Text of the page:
Safer Times: The Good Day's Work Blog

Farm-Safety Training In-Depth: A Closer Look at First Aid

Posted by Good Day's Work on Jan 19, 2017
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One moment you are having a casual chat with a co-worker over lunch. Suddenly, she grasps her throat and begins to turn blue.  What do you do?

farm safety trainingAccidents on the job can be scary. They strike without notice and can happen to anyone. Worse, attempting to provide assistance to the victim without the proper training may make the situation worse.

That's why it is so important you—as a farm owner, office manager or safety director—have a thorough understanding of first aid and are prepared to teach others the value of first-aid training in your farm-safety training program.

Here are some key first-aid practices to get you started:

 1. Keep and maintain standard first-aid kits.

Not only is having a first-aid kit on-site a good idea for accident preparedness, it's an OSHA requirement. Place first-aid kits in heavily-trafficked areas and across work sites for larger farmstead operations.

Stock first-aid kits for a wide variety of situations. Contents should include:

  • Gauze pads
  • Band-Aids and other bandages
  • Scissors
  • Tweezers
  • Adhesive tape
  • Latex gloves

 . . . just to name a few.

When purchasing kits for your farm, look for OSHA-certification labels to ensure they contain all the necessary materials. And, if you run out of any supplies, immediately replenish them to ensure your kit is always ready for an emergency response. Ask a safety team member to check monthly the contents of all kits on your site. 

 

2. Call for help first.

Though you should be trained on first aid, it is not expected that you provide aid beyond your training and abilities. Trying to administer aid in an unfamiliar situation or where you don't know protocol may do more harm than good.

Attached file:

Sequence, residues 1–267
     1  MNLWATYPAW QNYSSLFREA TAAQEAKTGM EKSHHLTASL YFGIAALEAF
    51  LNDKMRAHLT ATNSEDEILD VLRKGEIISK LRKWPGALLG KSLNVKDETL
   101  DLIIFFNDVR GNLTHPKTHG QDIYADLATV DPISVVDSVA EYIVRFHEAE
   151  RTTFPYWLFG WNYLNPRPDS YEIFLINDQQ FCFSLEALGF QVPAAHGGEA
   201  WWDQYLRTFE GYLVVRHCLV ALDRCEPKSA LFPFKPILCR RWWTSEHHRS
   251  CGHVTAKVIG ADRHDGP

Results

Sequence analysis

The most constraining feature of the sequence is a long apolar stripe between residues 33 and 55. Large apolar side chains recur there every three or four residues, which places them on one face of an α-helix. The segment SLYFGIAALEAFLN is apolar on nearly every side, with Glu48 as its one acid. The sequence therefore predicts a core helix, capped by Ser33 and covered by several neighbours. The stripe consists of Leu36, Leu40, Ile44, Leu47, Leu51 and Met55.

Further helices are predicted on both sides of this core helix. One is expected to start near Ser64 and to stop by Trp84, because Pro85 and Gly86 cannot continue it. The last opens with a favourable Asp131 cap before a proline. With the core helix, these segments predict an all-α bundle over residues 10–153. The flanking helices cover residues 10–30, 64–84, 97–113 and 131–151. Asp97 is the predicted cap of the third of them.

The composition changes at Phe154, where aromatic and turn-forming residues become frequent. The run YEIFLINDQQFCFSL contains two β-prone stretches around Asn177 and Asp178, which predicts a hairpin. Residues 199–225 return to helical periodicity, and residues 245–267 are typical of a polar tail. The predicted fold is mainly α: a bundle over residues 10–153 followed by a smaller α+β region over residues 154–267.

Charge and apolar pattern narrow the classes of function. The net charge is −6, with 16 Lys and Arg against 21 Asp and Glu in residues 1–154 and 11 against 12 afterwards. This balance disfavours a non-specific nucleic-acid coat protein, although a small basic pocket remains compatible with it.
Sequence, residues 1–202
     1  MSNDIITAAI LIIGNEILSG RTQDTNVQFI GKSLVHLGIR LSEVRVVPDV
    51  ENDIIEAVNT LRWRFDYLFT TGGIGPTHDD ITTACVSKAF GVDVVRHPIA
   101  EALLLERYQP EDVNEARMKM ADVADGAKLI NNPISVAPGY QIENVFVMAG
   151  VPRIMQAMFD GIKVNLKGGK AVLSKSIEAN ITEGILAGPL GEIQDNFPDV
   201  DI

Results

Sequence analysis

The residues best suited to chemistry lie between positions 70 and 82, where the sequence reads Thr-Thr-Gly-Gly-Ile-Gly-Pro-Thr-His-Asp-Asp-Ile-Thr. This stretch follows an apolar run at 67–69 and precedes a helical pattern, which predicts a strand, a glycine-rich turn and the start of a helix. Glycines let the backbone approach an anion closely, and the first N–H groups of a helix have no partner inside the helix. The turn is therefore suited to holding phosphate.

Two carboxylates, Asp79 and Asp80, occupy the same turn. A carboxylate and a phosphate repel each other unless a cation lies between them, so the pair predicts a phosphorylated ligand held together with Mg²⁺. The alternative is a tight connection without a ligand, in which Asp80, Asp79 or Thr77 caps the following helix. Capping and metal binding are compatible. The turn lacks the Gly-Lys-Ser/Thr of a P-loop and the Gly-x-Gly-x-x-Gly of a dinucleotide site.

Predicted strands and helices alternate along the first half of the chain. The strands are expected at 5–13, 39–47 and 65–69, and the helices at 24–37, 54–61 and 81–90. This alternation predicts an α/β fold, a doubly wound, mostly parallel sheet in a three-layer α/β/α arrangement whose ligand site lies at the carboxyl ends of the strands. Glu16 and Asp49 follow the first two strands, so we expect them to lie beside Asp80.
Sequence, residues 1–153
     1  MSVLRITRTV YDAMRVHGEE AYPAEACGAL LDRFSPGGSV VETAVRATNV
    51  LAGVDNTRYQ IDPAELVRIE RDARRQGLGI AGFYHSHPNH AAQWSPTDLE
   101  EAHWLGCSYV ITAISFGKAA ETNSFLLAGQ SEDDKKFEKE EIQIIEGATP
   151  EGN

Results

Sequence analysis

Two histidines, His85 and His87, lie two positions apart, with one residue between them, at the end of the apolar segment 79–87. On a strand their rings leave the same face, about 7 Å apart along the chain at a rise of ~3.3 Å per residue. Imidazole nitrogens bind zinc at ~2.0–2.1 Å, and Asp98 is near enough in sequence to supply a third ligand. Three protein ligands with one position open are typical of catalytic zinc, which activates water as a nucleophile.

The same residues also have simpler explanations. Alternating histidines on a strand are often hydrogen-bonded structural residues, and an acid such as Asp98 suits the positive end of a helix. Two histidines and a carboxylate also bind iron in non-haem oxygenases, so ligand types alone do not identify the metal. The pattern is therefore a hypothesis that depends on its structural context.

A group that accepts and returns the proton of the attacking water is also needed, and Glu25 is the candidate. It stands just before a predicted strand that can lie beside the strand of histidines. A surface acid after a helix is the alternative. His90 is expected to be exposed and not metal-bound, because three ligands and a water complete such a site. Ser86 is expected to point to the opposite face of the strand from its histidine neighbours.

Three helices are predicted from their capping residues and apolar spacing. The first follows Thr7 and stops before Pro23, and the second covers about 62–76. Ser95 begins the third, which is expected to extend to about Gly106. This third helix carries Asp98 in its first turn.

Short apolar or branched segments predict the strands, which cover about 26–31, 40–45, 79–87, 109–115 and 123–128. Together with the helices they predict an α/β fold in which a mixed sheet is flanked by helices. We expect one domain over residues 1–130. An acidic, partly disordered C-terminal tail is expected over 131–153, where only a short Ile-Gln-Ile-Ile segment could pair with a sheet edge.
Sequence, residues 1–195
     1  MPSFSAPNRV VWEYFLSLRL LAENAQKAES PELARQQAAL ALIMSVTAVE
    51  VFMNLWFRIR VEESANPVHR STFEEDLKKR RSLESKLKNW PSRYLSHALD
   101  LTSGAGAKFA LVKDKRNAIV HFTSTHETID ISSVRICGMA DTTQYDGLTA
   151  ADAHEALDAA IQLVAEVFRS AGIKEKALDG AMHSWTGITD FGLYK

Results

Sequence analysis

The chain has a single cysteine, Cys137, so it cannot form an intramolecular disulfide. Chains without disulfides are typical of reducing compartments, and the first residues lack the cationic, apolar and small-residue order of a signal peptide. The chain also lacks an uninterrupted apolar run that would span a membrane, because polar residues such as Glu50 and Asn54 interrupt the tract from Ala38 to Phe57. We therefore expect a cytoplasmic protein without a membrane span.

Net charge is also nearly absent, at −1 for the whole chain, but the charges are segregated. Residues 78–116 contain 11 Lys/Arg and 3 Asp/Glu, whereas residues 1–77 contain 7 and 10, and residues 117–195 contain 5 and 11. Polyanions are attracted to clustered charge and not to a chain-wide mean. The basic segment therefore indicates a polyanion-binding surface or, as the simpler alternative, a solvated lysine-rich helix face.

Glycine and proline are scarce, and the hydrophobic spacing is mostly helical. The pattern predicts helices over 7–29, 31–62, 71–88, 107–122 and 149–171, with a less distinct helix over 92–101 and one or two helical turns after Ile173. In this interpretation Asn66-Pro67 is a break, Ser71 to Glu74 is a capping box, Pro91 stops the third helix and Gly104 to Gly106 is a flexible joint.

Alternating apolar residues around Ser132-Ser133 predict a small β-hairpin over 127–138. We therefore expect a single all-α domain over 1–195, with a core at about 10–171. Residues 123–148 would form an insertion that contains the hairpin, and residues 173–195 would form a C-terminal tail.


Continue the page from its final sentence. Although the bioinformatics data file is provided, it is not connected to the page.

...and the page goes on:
Should you find yourself facing a work-site accident, always seek immediate professional medical help first by calling, or having someone else call, 911. From there, operators will send emergency medical technicians (EMTs) to assist. Operators are also often trained to give you instructions on administering aid should you need it.

Then, you can proceed to help the victim, knowing you have medical backup on the way.

 

3. Keep calm and carry on.

When a scary situation occurs, it's critical you keep a cool head. Panicking can perpetuate the danger, cause more accidents and result in increased harm to the victim.

So, remain calm, call for help and continually assess the situation, being keenly aware of any additional and immediate dangers or potential threats to both you and the victim.

For instance, if a person is lying unconscious on the floor, before attempting to administer any aid, quickly look for noticeable culprits, such as toxic fumes, electrical or fire hazards or other dangerous conditions that may have hurt them. Those same hazards could quickly turn on you.

Remember, you are no good to a victim if you become one.

 

4. Learn CPR.

Cardiopulmonary resuscitation, or CPR, isn't just a skill reserved for lifeguards. It's actually one of the most useful, lifesaving techniques in your first-aid tool belt.

Not just for waterlogged lungs, CPR can help revive victims of choking, heart failure, electric shock, loss of breath—you name it. It's also easy enough for any bystander to administer. The American Red Cross has a great hands-only CPR video that lays out the basics in minutes.

Because CPR methods and instructions change over time, certification—and remaining certified—is recommended.

Whether you are new to the job or have years of experience, being familiar with first aid is a critical step to protecting your health and that of others. For this reason, it should always be a cornerstone to farm-safety training.

For full OSHA guidelines concerning first aid, as well as first-aid techniques for a variety of farm accidents and situations, check out our farm-safety training classes!

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Topics: first aid, safety training program, agriculture, farm

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